Buying Industrial Equipment: Things to Consider

Image of women working on an industrial machine. When upgrading manufacturing industrial equipment there's more to consider than the cost of the machines.
Industrial equipment is a big investment that will be with you for a long time.

Industrial equipment is expensive. It’s also big, designed to last, and often complex. When you add all those factors together you begin to realize just how much is at stake when it comes to upgrading your facility. It’s too easy to overlook some important aspects of the decision that can lead to regret for years to come.

The list below is designed to help you think about any upcoming purchases in a mindful way to reduce the chance of buyer’s remorse and increase the likelihood of a successful upgrade. It’s by no means a complete list, but it should help you get on your way.

Will the new industrial equipment fit?

While it’s always a good idea to make sure you have the physical space for any new equipment, there’s more to ensuring a good fit than measuring W x H x D. Consider other questions like

  • Are my current utilities sufficient to run this equipment?
  • Will I need to upgrade security?
  • What are the safety requirements to keep my staff protected?
  • Have I chosen the most efficient location for this equipment?
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Impact of IoT Retrofit on the Manufacturing Supply Chain

man wearing orange hard hat
Photo by Kateryna Babaieva on Pexels.com

According to Hubspot’s Annual Manufacturing Report, 80% of manufacturers feel smart technologies and a move toward Industry 4.0 adoption will benefit their supply chain by increasing visibility, accelerating innovation, and enabling staff to work more efficiently.  Over 90% of those polled feel the same technologies will lead to increased productivity. 

This begs the question: if smart technologies are essential to efficient manufacturing, why aren’t all factories smart?  

It’s not that simple.  

Upgrades come with significant costs and productivity ramifications.  It doesn’t make sense to pull out legacy equipment in good working order simply because it wasn’t built in the age of connectivity.  Many systems continue in good working order for decades; that’s why we use the term “industrial-strength” to define something that safeguards against failure.   

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Bring Legacy Equipment to the Industrial Internet of Things Age

This photo of industrial equipment by Michal Jarmoluk from Pixabay

There are reasons to bring legacy equipment into the Industrial Internet of Things (IIot) Age.

Most manufacturers work with older equipment. A 2017 McKinsey report notes factory machinery and tools have an average age of 11 years. Industrial equipment lasts by design; we even use the term “industrial strength” to attribute higher-than-usual durability and power to everything from bug spray to boots. And when something is still working–and working well–a full upgrade to something new can be a difficult sell.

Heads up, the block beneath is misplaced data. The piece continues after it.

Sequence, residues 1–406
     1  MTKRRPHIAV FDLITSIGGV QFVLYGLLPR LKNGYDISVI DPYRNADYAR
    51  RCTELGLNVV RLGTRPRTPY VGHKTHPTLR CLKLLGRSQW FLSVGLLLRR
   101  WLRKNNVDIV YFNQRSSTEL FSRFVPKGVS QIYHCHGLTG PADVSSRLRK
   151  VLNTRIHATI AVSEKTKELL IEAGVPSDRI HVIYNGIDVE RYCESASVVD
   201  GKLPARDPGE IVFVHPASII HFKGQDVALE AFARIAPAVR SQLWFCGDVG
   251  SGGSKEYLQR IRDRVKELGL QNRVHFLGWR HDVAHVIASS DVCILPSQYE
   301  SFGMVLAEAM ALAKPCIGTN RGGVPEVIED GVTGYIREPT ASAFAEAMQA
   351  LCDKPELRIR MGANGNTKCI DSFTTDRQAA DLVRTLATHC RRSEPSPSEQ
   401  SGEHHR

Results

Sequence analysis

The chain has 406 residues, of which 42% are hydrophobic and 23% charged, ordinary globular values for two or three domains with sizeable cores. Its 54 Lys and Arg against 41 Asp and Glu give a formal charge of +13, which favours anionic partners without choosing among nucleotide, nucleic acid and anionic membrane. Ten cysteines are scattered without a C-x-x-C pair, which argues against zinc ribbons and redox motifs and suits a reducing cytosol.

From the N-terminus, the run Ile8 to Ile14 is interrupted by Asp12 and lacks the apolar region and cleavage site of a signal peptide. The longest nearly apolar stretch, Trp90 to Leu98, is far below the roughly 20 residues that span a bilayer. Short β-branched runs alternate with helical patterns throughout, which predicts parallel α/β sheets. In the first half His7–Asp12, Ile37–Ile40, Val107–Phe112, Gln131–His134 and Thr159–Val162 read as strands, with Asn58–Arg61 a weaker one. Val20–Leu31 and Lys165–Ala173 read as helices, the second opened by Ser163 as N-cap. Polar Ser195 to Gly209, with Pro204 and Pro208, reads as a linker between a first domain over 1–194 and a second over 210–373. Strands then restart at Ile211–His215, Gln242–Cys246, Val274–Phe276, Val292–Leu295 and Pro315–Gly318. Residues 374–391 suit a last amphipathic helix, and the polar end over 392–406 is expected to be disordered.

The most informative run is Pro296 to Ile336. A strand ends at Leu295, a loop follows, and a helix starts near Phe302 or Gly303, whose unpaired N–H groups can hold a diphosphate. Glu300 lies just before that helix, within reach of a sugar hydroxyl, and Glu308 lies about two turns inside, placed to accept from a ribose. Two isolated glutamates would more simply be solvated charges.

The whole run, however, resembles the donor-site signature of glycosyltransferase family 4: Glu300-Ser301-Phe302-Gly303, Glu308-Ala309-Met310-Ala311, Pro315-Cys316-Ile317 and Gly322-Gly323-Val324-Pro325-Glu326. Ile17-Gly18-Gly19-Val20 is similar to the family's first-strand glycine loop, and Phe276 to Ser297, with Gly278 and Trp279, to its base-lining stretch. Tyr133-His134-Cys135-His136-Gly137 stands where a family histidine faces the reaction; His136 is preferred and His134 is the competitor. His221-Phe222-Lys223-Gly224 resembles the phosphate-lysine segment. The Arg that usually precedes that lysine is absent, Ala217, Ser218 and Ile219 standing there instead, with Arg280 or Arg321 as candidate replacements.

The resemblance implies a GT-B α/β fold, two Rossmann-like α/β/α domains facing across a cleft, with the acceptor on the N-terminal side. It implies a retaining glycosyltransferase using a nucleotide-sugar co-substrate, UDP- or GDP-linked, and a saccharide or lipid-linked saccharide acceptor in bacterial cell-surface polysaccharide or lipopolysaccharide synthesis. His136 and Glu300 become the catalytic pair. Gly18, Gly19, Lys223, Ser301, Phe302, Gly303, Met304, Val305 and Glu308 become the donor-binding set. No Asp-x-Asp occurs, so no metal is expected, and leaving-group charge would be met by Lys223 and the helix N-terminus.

But many of these older legacy systems were created before the age of connected manufacturing systems, which bring with them a number of added benefits. A connected “smart factory” can mean higher productivity, increased flexibility, a safer manufacturing floor, and lower costs.

One option that bridges the gap between a full upgrade and missing out on all these benefits is to perform a retrofit of connected IoT gateway and data feedback devices. But until recently, this kind of upgrade was a complicated and costly affair. But it doesn’t have to be anymore, and more options are available.

What is the Industrial Internet of Things?

IIoT or the Industrial Internet of Things is the industrial extension of IoT. Automation in a traditional factory improves through the use of interconnected smart sensors. Other instruments work with sensors to take advantage of data collection and analysis. This happens on a networked (Internet) platform.

Options for Connecting your Factory Floor

There are several options now available for connecting your legacy systems to the IoT. These include

  • Retrofitting IIoT Connectivity. IoT gateways use software, sensors, and industrial-based control systems to provide a simple connection that can send data in real-time.
  • Using Video Cameras. Video analytics allow cameras to recognize objects, people, or issues on your floor automatically.
  • Using Edge Devices. Data can be accessed via local devices. This can improve security and provide access to process data more quickly.
  • Using Biometric Devices. Your employees can become part of your data acquisition through the use of biometric wearables or tags. This works in conjunction with additional upgrades.
Infographic: Bring Legacy Equipment Into the IIoT (Industrial Internet of Things) Age
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